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A digital omnivore is a descriptive term meant to capture the indiscriminate and seamless modalities that consumers use to access the World Wide Web. This cultural meme reflects "the popularization of smartphones and the introduction of tablets and other web-enabled devices that allow consumers to access media content through several touch-points during the course of their daily digital lives." As Mobile Web users increasingly own mobile devices, cross-platform multimedia consumption will continue to re-shape the digital landscape, both in terms of the type of media content they consume and how they consume it.
According to a new 2011 survey from comScore, "smartphones and tablets are driving nearly 7% of all digital traffic in the United States, with two-thirds of that growth attributed to smartphones alone." Today, half of the U.S. mobile population uses mobile media, up 19% in the past year to more than 116 million people. This growth is only expected to increase as 36.1% of Americans over the age of 13 now own a smartphone.
Digital omnivores are a global phenomenon driving 5% of all non-computer device Internet traffic in August 2011. Singapore leads the way at 7.2%, while the U.S and the United Kingdom both score 6.8% and Australia and Canada complete the top five global markets with 5.3% and 4.4%, respectively. Looking deeper into the 6.8% of non-PC web-browsing done in the U.S., we find that 64.4% comes from mobile phones, 28.1% from tablets and 7.5% from other devices such as game consoles and e-readers. This means that in the U.S. about 4% of overall web browsing comes from smartphones and 1.6% from tablets. While small, these figures point to the way people are beginning to toggle between devices across various day-parts.
An analysis of the way consumers in the U.S. viewed news content on different devices throughout the day demonstrates the influence devices have on the way people consume content. On a typical weekend morning digital omnivores access their news using their tablet, favor their computer during the working day and return to tablet use in the evening, peaking between the hours of 9pm and midnight. Mobile phones are used for web-browsing throughout the day when users are away from their personal computer.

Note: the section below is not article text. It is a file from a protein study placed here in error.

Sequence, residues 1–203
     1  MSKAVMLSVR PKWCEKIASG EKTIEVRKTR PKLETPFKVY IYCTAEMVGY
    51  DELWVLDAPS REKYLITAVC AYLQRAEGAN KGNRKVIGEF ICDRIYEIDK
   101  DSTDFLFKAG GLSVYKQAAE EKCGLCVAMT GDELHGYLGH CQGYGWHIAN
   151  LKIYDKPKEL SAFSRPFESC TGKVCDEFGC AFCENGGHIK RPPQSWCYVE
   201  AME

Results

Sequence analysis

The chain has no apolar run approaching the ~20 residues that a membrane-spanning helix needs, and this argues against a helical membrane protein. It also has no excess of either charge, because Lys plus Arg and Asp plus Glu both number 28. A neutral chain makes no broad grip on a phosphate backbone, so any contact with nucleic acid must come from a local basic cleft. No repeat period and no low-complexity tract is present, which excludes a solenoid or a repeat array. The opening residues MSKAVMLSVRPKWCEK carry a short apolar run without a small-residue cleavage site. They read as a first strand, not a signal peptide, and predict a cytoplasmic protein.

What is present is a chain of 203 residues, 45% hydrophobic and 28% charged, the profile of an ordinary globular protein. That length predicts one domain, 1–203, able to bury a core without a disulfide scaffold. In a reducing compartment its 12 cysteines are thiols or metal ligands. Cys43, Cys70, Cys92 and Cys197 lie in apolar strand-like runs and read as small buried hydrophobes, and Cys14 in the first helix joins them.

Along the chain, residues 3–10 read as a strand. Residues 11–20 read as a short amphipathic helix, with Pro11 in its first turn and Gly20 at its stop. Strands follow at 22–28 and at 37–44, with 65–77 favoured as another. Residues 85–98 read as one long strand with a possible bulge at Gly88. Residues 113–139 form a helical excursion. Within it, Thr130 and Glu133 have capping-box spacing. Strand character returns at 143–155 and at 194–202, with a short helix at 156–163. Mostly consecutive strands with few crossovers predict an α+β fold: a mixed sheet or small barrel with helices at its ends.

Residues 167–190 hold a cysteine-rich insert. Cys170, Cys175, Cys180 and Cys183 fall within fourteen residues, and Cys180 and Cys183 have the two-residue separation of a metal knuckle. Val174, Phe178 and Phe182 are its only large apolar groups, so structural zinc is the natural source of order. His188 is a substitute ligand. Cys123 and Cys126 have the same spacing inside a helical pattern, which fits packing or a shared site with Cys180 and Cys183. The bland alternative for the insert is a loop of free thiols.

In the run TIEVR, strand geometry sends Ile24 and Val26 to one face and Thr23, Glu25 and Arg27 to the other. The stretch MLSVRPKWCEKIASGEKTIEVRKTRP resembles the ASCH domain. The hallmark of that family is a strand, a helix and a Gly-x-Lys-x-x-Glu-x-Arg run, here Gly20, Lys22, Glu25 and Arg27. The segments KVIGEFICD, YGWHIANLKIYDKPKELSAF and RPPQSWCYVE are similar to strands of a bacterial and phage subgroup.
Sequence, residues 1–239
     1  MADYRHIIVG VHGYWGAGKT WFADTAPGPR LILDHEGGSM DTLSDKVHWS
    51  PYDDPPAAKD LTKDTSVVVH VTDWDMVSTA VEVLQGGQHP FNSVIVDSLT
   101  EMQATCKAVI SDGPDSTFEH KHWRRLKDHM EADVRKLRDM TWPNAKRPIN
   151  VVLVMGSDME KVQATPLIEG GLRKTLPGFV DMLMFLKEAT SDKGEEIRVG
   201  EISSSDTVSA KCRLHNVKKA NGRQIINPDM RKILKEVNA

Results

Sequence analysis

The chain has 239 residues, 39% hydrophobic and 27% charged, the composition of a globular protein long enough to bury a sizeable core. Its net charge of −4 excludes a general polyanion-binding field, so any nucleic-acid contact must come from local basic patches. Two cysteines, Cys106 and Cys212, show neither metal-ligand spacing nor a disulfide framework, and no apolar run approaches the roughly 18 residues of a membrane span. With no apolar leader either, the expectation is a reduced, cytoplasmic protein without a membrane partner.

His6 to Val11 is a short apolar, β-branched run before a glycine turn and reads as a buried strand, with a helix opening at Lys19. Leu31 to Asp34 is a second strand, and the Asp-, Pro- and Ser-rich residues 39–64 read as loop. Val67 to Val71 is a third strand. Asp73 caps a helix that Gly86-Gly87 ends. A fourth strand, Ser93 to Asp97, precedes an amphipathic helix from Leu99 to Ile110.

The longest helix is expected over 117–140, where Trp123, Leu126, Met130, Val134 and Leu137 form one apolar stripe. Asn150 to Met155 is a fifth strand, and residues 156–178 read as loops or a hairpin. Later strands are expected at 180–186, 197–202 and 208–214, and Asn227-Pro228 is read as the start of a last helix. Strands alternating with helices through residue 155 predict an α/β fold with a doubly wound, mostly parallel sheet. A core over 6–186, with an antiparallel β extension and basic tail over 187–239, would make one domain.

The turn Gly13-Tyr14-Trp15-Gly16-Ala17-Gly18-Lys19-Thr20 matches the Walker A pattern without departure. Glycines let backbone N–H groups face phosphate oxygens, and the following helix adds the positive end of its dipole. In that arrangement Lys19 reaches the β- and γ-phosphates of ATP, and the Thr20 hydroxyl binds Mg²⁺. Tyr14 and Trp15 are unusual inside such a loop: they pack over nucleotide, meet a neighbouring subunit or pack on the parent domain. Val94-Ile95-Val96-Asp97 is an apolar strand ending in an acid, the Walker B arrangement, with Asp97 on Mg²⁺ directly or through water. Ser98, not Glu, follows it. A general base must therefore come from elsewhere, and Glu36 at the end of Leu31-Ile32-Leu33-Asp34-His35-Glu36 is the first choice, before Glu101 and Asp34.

The impact of connected devices on digital consumption
Increased Wi-Fi availability and mobile broadband adoption are changing the way people are going online today. "In August 2011, more than a third (37.2%) of U.S. digital traffic coming from mobile phones occurred via a Wi-Fi connection while tablets, which traditionally required a Wi-Fi connection to access the Internet, are increasingly driving traffic using mobile broadband access."
Tablets, while not yet widely adopted, already contribute nearly 2% of all web browsing traffic in the United States. This traffic is driven almost exclusively by the iPad, which accounted for more than 97% of all tablet traffic in the second half of 2011. During this period, iPads also began to account for a higher share of Internet traffic than iPhones (46.8% vs. 42.6% of all iOS device traffic.